By Steve Gorman
LOS ANGELES (Reuters) - The mayor of the second-largest U.S. city has joined a growing clamor among health experts and politicians for a radical shift in the nation's coronavirus testing strategy - from an emphasis on the utmost accuracy to a focus on speed and simplicity.
The concept envisions mass production and distribution of low-cost, do-it-yourself diagnostic kits based on paper-strip designs that can be used frequently and produce results in minutes, similar to home pregnancy tests. No lab equipment or special instruments would be required.
Los Angeles Mayor Eric Garcetti said this week he has convened a team of public health experts, bioscience executives, government leaders and philanthropists to push for accelerated research, development and production of such tests.
Proponents say that rapid, at-home COVID-19 testing would allow for real-time detection of new clusters of cases, including asymptomatic individuals - before they can spread. Such a feat has proven unattainable within the existing testing framework, which relies on laboratories to process samples and typically takes days or weeks to return results.
"If we get this right, we could be doing as many as a million tests a week using paper strip testing just here in Los Angeles," Garcetti said on Wednesday, as the city appeared to be on the verge of tamping down its latest surge of infections.
When paired with expanded contact-tracing to locate and quarantine other exposed individuals, rapid in-home test kits could be as effective as a vaccine in breaking the COVID-19 transmission cycle, according to advocates led by Harvard University epidemiologist Michael Mina.
'AT WARP SPEED'
"They can effectively be akin to a vaccine that was introduced tomorrow," Mina told a recent conference call with reporters, as quoted by the Harvard Gazette. The tests could be produced for as little as $1 a piece, he said. "This is something we can actually do at warp speed."
Mina, Garcetti and other proponents have said such a breakthrough is critical as state and local leaders struggle to find ways to reopen schools, universities and workplaces safely.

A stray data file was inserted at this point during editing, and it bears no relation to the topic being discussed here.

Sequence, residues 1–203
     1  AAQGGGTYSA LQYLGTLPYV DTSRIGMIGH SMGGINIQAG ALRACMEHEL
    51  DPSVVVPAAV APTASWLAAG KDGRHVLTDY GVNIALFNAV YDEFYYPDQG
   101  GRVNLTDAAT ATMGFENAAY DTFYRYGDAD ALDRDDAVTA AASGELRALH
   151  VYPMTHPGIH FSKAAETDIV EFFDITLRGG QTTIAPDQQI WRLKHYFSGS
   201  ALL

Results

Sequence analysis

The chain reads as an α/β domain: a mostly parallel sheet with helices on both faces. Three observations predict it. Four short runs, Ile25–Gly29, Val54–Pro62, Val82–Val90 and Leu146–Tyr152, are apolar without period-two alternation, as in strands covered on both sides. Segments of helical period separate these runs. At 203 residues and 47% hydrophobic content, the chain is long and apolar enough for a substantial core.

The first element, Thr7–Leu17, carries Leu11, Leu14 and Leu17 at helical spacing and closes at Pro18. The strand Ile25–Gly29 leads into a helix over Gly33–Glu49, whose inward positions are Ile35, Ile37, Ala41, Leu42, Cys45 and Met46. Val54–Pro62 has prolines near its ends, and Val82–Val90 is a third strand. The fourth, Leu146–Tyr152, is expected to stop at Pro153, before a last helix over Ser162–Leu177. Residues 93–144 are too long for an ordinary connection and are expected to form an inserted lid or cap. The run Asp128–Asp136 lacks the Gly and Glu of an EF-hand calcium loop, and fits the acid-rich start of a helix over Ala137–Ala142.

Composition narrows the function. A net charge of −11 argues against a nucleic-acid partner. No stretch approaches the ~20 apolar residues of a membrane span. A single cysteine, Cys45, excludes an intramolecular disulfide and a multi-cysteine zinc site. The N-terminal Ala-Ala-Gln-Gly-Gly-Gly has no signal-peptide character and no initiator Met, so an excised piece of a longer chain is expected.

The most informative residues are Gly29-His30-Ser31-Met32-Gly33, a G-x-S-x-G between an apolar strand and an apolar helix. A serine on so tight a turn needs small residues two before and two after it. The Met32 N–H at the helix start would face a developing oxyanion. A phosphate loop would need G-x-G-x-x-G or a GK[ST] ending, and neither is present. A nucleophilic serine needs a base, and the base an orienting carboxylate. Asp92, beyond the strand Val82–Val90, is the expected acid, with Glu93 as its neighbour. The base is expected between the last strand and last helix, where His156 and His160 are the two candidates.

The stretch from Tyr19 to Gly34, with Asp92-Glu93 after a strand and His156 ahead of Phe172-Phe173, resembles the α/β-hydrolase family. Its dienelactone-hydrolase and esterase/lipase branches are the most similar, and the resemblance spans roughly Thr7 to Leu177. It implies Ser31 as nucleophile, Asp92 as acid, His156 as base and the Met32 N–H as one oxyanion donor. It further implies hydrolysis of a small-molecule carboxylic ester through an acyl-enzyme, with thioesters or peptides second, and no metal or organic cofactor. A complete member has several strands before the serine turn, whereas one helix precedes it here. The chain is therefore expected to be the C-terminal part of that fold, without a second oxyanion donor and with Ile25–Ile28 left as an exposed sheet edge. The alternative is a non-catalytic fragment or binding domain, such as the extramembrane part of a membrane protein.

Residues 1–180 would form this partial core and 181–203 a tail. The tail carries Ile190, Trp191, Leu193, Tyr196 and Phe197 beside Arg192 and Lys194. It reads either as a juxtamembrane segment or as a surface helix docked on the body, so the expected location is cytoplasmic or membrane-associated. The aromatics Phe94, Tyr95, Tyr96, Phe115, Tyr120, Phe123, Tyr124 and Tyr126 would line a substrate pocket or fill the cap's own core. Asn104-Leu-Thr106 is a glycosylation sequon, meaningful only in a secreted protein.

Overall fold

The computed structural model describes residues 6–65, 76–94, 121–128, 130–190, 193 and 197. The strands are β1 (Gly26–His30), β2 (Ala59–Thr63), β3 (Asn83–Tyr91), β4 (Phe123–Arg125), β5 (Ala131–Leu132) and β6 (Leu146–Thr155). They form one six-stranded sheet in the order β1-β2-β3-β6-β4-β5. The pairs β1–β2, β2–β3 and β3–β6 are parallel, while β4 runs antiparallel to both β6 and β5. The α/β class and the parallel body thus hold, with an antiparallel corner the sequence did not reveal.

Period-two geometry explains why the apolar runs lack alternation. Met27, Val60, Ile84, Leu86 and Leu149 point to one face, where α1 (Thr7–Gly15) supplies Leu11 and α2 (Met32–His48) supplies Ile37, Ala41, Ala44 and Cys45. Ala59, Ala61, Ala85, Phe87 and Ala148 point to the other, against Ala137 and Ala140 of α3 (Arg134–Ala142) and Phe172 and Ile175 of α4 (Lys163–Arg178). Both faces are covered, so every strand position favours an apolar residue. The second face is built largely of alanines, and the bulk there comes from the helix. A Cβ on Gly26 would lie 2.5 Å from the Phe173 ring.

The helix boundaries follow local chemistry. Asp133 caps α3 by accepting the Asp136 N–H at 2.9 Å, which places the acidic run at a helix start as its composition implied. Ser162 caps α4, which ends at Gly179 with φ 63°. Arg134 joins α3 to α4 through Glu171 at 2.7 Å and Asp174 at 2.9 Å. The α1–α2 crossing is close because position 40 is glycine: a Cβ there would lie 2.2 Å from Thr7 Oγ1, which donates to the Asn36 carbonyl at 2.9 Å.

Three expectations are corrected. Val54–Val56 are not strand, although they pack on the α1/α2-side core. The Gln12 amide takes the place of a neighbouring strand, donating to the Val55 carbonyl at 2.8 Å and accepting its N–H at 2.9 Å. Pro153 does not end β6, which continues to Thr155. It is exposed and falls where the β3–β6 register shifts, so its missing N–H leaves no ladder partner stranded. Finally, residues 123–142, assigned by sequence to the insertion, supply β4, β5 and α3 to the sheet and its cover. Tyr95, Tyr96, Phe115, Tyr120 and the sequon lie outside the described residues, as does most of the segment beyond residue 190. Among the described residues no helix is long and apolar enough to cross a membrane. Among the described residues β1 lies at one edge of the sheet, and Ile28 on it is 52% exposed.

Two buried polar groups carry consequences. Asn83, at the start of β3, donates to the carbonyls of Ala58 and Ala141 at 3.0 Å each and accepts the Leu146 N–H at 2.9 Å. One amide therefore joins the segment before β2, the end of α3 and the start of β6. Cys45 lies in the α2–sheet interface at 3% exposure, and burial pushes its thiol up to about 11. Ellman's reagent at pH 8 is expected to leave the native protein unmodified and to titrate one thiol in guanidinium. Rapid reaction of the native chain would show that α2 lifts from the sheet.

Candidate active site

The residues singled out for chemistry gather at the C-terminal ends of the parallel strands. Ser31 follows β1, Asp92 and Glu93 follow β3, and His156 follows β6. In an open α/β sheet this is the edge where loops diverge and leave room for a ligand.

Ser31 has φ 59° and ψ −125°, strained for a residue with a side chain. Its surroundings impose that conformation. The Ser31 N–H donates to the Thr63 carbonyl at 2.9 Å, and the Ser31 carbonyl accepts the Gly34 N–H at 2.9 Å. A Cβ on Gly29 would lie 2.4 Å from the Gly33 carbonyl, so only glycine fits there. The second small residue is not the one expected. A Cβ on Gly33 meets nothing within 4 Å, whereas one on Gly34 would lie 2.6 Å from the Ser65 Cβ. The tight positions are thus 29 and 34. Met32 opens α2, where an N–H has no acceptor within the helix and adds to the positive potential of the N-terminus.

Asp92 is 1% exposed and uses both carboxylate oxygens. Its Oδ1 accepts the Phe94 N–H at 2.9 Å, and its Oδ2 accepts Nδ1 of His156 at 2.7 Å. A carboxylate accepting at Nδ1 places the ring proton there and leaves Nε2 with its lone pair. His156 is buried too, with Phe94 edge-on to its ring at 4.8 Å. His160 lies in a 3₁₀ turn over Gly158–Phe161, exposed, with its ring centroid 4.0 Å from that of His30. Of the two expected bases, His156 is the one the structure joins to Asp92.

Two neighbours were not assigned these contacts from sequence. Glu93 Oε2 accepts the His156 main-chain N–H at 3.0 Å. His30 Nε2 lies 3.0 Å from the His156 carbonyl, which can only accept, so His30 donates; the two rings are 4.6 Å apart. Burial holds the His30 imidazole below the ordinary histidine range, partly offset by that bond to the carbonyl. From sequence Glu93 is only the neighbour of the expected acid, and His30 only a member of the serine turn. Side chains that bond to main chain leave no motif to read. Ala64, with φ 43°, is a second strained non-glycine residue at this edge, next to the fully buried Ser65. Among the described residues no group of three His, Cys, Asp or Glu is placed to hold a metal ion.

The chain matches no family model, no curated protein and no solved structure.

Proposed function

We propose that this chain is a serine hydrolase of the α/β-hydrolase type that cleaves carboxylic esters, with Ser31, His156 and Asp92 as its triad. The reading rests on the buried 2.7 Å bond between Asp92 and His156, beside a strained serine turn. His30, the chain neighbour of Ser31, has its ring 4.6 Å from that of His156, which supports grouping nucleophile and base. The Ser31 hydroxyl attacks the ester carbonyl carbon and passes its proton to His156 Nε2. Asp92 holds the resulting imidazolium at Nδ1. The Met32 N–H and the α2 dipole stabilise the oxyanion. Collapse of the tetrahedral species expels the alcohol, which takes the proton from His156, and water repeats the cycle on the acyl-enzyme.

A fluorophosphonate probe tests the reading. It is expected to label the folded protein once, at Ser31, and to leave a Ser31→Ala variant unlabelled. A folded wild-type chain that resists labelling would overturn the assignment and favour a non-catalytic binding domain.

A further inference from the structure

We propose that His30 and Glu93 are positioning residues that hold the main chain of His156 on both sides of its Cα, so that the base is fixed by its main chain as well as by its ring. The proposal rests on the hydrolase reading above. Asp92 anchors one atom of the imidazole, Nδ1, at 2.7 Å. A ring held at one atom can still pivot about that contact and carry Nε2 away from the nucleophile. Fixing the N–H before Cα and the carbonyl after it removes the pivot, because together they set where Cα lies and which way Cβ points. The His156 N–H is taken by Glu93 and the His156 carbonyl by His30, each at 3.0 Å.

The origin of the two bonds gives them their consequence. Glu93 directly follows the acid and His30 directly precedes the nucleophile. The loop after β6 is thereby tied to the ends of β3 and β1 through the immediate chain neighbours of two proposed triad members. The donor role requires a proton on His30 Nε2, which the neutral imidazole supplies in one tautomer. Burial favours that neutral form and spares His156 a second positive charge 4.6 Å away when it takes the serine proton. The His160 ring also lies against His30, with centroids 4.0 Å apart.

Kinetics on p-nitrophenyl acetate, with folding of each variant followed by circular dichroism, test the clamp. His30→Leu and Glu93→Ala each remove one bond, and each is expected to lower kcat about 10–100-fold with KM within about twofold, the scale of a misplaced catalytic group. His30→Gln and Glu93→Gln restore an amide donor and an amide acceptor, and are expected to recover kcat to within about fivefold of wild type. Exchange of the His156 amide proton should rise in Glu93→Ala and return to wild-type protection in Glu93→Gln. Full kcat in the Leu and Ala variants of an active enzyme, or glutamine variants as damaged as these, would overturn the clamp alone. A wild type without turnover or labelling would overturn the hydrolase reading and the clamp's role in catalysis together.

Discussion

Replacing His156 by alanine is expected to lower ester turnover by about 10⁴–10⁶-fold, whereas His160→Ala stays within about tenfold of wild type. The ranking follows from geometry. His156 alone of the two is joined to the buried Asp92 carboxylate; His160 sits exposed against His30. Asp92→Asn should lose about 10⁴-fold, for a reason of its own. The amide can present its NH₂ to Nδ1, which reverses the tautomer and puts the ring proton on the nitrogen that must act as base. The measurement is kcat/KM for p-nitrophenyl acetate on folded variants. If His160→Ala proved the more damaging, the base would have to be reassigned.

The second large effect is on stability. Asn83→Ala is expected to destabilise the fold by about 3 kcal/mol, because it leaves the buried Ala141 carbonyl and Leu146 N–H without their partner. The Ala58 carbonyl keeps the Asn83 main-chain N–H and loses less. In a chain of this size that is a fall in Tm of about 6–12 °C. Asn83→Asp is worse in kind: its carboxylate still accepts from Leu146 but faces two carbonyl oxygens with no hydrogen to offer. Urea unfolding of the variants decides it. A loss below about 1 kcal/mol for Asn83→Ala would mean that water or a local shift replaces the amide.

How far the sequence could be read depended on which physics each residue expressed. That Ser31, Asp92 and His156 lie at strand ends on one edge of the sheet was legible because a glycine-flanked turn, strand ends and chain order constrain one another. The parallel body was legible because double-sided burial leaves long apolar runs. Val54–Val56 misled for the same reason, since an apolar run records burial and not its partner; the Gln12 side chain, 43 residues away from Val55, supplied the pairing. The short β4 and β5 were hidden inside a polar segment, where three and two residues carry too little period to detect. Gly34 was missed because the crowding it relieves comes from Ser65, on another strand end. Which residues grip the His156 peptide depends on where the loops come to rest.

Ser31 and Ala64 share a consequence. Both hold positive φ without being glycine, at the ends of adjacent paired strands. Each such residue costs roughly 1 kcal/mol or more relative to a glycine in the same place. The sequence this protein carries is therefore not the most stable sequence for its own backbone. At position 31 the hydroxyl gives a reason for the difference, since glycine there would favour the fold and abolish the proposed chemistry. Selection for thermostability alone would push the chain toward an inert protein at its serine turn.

To date the respiratory virus has claimed some 5,200 lives in Los Angeles County, one of the nation's COVID-19 hotspots, accounting for nearly half of California's deaths from the pandemic.
Mina said he envisions making home diagnostic kits so widely available Americans could test themselves daily, or every other day, as a matter of routine.
The new test kits would be based on antigen detection technology that scans saliva or nasal mucous for the presence of viral proteins.
This method, while quick and simple, is generally far less sensitive - with more frequent false-negative results - than the current gold standard of COVID-19 screening, called polymerase chain reaction, or PCR, tests, which look for traces of viral genetic material.
QUICK OR PRECISE
That difference, according to Mina, has led to one of the chief roadblocks to biotech companies developing at-home antigen tests - reluctance by the Food and Drug Administration (FDA), which recommends over-the-counter, non-lab tests perform at a minimum of 90% sensitivity. FDA recommends at least an 80% rate for prescription at-home tests to be used under a doctor's supervision.
"Until the regulatory landscape changes, those companies have no reason to bring a product to market," Mina said.
Mina and others, including Dr. Ashish K. Jha, a Harvard professor of medicine, insist that from a public health perspective the accuracy of home antigen tests are sufficient.
In a commentary published by Time magazine, Jha cited government data suggesting that the current testing regime is only detecting one in 10 Americans who are infected.
Responding to a Reuters query, the FDA said in a statement that it would consider alternatives, including a "strategy that involves serial testing using less sensitive tests to achieve performance."
But FDA support for such a strategy would hinge on available information showing that benefits outweigh risks and addressing "the capacity to manufacture a sufficient supply of tests with which to conduct multiple tests per person," the agency said.
(Reporting and writing by Steve Gorman in Los Angeles; Additional reporting by Carl O'Donnell in New York and Allison Martell in Toronto; Editing by Bill Tarrant and Daniel Wallis)